Your voice is universal, and such a gift. –Peggy
I devoured the glossary and contextual notes at the beginning of each chapter, appreciative of the fact that you have taken the time to invite me to this knowledge. Then, with a new understanding, I enter into your words and feel them dance and settle in my heart. –Alison
I came home from yesterday’s morning (Yom Kippur) service and thought I want to do something quiet and reflective. I went to my bookcase and pulled out In the Spirit of the Holidays. I read all of your Yom Kippur poems. It was exactly what I needed and wanted. –Carol
It was very helpful to peruse your book’s Yom Kippur writings yesterday afternoon as I was struggling to stay engaged with the day while at home. –Mark
My sister is delighted with the copy of In the Spirit of the Holidays I gave her and told me how she read from it at Pesach at her seder. –Jonathan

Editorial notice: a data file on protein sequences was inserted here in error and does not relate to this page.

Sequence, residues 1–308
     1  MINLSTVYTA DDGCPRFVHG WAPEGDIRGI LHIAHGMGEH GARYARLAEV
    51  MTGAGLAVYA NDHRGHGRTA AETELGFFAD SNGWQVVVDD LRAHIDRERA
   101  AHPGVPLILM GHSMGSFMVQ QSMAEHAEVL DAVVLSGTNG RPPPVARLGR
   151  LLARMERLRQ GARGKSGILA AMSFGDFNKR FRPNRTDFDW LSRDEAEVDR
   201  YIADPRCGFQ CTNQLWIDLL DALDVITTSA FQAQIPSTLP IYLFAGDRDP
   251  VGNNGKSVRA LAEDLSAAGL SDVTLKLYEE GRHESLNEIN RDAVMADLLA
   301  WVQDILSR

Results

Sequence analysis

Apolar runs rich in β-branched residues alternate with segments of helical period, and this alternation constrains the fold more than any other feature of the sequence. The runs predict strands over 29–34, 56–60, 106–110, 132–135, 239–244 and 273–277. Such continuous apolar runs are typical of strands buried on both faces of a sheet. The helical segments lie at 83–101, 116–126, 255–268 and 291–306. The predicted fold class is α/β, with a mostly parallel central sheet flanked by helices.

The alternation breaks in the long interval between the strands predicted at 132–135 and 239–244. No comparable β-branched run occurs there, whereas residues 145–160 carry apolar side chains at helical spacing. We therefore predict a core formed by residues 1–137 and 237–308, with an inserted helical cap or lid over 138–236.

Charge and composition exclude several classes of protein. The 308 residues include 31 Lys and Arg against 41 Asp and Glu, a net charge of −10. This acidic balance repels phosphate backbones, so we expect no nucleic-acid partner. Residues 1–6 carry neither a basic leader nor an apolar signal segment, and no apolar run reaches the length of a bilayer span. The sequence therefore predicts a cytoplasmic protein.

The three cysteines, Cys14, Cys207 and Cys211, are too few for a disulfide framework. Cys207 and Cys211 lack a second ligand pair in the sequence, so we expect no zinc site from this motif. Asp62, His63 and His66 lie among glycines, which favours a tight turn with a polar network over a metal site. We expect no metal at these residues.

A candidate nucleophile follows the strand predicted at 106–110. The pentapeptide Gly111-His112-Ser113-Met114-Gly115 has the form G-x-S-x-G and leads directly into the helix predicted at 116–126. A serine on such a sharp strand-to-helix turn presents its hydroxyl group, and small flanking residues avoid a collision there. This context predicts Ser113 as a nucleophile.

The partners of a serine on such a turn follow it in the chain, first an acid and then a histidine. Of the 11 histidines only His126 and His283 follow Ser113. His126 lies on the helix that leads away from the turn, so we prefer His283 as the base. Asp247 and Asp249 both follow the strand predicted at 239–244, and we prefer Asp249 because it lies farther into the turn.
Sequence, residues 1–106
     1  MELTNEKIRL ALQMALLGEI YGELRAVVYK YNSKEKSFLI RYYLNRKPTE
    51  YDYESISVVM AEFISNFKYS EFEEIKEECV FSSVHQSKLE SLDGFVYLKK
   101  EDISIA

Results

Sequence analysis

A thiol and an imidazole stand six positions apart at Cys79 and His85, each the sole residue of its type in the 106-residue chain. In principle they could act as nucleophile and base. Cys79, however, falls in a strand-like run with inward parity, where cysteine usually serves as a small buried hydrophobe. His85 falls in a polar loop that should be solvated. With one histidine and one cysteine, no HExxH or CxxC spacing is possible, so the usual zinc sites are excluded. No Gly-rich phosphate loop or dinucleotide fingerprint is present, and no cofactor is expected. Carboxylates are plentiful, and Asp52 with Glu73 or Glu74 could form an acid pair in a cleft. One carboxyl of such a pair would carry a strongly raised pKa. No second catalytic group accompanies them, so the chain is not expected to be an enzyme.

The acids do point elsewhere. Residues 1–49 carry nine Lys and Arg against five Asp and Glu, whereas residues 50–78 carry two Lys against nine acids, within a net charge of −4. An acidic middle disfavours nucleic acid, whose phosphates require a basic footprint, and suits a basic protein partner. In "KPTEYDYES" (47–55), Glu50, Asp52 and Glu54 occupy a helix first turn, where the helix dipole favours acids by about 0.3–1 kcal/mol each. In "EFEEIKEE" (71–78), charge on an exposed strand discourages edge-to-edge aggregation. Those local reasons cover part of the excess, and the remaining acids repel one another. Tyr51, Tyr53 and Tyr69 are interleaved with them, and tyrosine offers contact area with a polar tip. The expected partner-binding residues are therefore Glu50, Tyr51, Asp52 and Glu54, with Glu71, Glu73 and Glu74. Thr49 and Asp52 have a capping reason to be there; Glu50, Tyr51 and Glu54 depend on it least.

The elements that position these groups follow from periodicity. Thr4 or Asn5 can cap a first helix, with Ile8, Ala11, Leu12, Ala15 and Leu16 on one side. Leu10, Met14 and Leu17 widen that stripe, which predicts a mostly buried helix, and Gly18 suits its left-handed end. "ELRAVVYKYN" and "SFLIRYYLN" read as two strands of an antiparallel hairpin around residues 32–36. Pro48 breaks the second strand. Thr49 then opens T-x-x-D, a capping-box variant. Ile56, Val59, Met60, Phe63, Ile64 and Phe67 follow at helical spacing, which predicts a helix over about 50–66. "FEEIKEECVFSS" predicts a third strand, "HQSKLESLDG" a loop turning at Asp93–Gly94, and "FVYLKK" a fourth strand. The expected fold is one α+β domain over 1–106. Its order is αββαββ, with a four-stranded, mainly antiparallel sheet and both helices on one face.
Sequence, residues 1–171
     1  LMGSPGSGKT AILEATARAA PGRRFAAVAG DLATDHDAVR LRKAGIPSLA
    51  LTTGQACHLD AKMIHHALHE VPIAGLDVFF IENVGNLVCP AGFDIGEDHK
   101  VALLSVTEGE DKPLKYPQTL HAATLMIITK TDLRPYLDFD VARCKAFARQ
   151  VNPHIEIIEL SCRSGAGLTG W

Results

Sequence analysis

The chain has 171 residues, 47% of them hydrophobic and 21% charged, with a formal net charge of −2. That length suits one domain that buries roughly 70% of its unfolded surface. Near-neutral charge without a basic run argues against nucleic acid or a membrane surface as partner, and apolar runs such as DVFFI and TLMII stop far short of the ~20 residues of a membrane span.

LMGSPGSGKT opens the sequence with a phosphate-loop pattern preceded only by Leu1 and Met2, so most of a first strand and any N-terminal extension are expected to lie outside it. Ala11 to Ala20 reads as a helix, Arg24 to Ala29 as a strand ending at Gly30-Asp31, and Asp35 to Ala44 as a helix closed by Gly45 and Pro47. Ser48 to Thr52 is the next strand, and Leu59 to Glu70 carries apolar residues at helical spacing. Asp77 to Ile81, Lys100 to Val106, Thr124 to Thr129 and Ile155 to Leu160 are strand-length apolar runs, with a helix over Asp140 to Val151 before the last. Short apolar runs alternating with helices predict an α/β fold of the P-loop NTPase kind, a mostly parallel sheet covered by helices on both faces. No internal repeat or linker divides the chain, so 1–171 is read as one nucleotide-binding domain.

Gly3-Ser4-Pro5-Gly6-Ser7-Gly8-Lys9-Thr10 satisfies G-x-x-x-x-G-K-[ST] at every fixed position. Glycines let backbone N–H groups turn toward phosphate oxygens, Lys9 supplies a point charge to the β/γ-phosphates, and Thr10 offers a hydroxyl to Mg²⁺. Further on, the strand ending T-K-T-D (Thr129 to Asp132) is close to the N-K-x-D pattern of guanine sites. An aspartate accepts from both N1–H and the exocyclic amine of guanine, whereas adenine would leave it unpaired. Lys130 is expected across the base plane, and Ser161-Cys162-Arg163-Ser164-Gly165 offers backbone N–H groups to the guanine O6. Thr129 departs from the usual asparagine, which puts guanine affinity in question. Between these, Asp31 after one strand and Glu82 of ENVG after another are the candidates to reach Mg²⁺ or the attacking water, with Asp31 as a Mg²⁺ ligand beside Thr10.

Post-pandemic events TBA
Also by Janet Ruth Falon
The Jewish Journaling Book
Janet Ruth Falon delves into the practical aspects of keeping a journal as well as how you can use your journal to nurture Jewish values and concerns. Using examples from her own writing, she demonstrates how journaling can unleash your creativity and reveal aspects of yourself that you may not have thought about before. She also includes 52 journaling tools that teach specific techniques to help you create and maintain a vital, living journal, from a Jewish perspective.
Inspiring and practical, this guided tour of journaling shows how yours can be used to better understand yourself and the world.